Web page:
Causes of Tooth Sensitivity

Posted on : 09-11-2014 | By : Haddon Suttner | In : Dentist and Dentistry, Oral Health

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When you feel a sensation while drinking hot or cold drink, or eating hot or cold food, you are facing dental sensitivity. This dental sensation is always painful or at least you experience an uncomfortable situation. There are many reasons which cause tooth sensitivity. Tooth sensitivity is a common problem and it has been estimated that approximately half the population experiences tooth sensitivity. Tooth sensitivity can come and go over time.



There may be different reasons which results in teeth sensitivity.

Brushing without care

Tooth sensitivity may be result of aggressive brushing or brushing with a hard-bristled tooth brush. This practice break down the protective layers of teeth and expose the microscopic hollow tubes or canals that lead to your dental nerves. When these tubules are exposed to hot, cold, acidic or sticky foods, tooth sensitivity and discomfort can be the result. The solution is to switch to a toothbrush with softer bristles and to be gentler when brushing.


Acidic foods and drinks

Acidic foods and drinks also erode the protective layer on teeth, such as lemon, pickles, tomato sauce, grapefruit, soda, soft drinks etc.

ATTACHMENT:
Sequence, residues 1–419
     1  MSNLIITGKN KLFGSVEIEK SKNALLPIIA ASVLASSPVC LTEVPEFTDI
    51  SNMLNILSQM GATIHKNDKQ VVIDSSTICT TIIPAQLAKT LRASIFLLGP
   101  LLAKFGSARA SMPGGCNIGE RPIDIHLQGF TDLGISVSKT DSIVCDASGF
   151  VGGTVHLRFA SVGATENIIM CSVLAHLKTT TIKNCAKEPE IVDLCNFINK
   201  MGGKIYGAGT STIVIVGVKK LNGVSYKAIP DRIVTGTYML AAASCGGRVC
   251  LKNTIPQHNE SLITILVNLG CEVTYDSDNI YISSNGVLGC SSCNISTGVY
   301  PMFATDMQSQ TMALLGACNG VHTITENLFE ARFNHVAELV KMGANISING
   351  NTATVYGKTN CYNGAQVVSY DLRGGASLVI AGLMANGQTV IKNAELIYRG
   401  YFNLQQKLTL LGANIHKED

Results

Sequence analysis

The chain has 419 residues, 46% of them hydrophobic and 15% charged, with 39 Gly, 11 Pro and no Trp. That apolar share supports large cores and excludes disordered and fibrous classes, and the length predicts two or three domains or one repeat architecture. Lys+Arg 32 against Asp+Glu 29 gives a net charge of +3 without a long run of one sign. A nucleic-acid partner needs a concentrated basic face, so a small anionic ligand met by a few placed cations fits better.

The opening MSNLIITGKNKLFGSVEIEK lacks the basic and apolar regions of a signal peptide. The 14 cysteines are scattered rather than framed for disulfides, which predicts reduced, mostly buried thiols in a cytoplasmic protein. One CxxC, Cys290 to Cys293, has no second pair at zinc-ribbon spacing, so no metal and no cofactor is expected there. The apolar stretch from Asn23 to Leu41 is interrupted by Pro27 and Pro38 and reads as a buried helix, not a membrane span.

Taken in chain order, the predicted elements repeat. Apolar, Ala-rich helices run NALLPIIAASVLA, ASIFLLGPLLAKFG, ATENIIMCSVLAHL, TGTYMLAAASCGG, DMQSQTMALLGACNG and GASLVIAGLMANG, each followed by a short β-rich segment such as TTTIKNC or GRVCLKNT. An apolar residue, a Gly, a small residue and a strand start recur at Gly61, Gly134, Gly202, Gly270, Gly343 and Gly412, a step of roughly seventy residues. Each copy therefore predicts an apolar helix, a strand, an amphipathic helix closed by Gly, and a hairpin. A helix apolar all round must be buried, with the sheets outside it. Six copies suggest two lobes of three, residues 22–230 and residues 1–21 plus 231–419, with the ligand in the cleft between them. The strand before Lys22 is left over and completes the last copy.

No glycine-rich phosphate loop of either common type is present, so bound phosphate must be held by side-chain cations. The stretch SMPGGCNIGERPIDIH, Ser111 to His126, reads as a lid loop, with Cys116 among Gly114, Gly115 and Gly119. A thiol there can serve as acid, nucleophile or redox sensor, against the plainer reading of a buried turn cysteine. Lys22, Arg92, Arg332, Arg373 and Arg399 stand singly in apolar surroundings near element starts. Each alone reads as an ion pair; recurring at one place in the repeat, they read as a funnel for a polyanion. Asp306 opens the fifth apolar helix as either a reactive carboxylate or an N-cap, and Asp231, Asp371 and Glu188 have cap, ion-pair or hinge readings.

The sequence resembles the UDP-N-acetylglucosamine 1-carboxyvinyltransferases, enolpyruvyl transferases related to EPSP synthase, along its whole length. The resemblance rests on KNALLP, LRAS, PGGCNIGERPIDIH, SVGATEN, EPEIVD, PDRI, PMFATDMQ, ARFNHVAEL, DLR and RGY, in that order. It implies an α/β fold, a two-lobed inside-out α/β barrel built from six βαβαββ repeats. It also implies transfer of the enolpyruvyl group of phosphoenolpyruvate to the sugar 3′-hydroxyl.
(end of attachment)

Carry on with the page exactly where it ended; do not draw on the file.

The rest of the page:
Some mouthwashes and rinses contain alcohol and other chemicals that can make your teeth more sensitive — especially if your dentin’s exposed. Solution to this problem is to use neutral fluoride rinses, and better is to quit the mouthwash and focus on flossing and brushing.


Excessive plaque

Purpose of flossing and brushing is to remove plaque that forms after you eat. An excessive build-up of plaque can cause your enamel to wear away. Again, your teeth can become more sensitive as they lose their enamel protection. The solution is to practice good daily dental care and visit your dentist for cleanings every six months.


Gum disease

Receding gums can cause tooth sensitivity. If gum disease or gingivitis is the problem, your dentist may suggest a procedure to seal your teeth along with treating the gum disease itself.


Dental procedure

It’s common to have some sensitivity after a root canal, an extraction, or the placement of a crown. If your sensitivity doesn’t disappear after a short time, another visit to your dentist is in order.

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